Food, Sex, Danger

Susan Weinschenk is a psychologist with a book (<em>Neuro Web Design: What makes them click?</em>) and a website (<a title="http://www.whatmakesthemclick.net/" href="http://www.whatmakesthemclick.net/" target="_blank">What Makes Them Click</a>). On the website, she is running a series of articles entitled “100 Things You Should Know About People.”  As of this writing, she’s up to <a title="http://www.whatmakesthemclick.net/2010/11/11/100-things-you-should-know-about-people-47-people-value-a-product-more-highly-if-it-is-physically-in-front-of-them/" href="http://www.whatmakesthemclick.net/2010/11/11/100-things-you-should-know-about-people-47-people-value-a-product-more-highly-if-it-is-physically-in-front-of-them/" target="_blank">thing number 47</a>: “People Value A Product More Highly If It Is Physically In Front Of Them.”  

Susan Weinschenk is a psychologist with a book (Neuro Web Design: What makes them click?) and a website (What Makes Them Click). On the website, she is running a series of articles entitled “100 Things You Should Know About People.”  As of this writing, she’s up to thing number 47: “People Value A Product More Highly If It Is Physically In Front Of Them.”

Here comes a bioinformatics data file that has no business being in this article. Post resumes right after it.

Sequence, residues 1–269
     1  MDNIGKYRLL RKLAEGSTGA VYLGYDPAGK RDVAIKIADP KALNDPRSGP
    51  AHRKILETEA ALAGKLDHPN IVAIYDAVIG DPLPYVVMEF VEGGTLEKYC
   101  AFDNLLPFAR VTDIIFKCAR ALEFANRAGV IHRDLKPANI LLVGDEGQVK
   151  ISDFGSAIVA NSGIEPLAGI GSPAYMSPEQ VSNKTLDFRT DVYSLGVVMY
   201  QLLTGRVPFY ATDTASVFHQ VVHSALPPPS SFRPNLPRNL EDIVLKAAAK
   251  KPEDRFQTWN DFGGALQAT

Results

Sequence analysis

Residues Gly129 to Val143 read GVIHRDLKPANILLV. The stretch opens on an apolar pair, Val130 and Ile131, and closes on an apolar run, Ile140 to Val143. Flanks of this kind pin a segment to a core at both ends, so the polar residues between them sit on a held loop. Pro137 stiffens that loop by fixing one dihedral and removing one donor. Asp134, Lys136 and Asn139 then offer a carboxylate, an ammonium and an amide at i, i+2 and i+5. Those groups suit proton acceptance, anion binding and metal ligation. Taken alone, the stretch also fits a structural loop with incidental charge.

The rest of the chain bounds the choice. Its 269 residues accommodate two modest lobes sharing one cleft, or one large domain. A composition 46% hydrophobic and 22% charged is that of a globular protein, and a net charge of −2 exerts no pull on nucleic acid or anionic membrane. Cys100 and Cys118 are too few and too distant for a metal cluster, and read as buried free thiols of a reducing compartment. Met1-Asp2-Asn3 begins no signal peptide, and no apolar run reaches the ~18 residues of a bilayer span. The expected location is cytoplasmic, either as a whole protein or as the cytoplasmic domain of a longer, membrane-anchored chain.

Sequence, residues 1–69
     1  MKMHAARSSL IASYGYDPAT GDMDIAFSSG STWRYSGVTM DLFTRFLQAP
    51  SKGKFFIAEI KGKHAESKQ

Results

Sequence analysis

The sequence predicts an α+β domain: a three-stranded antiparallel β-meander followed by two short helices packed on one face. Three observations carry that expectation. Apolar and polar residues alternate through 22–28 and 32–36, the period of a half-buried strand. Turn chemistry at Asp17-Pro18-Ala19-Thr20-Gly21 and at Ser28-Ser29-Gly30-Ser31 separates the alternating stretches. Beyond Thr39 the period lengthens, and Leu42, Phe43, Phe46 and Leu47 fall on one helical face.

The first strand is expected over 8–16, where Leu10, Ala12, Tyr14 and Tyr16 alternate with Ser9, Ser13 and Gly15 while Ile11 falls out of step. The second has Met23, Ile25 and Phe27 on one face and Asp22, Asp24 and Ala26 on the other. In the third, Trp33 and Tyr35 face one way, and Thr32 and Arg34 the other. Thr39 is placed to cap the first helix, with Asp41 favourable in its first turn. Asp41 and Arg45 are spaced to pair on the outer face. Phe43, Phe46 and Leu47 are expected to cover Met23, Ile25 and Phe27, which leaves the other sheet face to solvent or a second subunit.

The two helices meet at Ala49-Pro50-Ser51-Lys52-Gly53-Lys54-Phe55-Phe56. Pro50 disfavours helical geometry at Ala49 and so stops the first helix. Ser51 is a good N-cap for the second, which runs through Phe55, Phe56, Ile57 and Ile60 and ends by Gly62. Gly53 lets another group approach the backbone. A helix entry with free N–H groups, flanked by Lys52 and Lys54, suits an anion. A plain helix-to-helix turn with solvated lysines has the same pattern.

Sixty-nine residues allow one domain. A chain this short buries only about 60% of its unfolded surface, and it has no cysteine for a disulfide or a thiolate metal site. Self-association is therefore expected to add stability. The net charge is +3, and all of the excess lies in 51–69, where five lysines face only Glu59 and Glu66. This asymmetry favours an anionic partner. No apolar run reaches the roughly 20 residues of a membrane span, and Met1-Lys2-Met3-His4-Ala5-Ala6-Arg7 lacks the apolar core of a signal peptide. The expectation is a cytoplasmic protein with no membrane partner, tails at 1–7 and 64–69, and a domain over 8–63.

Thing number 11 is entitled, “Why You Can’t Resist Paying Attention to Food, Sex, or Danger.”  In the article, she explains that humans have three brains: a new brain, a mid brain, and an old brain.  The old brain is the one interested in survival.  So its job is to scan the environment and ask, “Can I eat it? Can I have sex with it?  Will it kill me?”  I don’t know if all scientists agree with this assessment, but it’s a fun read.  As are many of the other things we should know about people.  Here is a link that brings up all of the article titles.

No message here from me.  Just pointing out some fun reading.

1 comment

Thanks for posting this. I’m going to make the “100 Things” article my lunchtime reading tomorrow.

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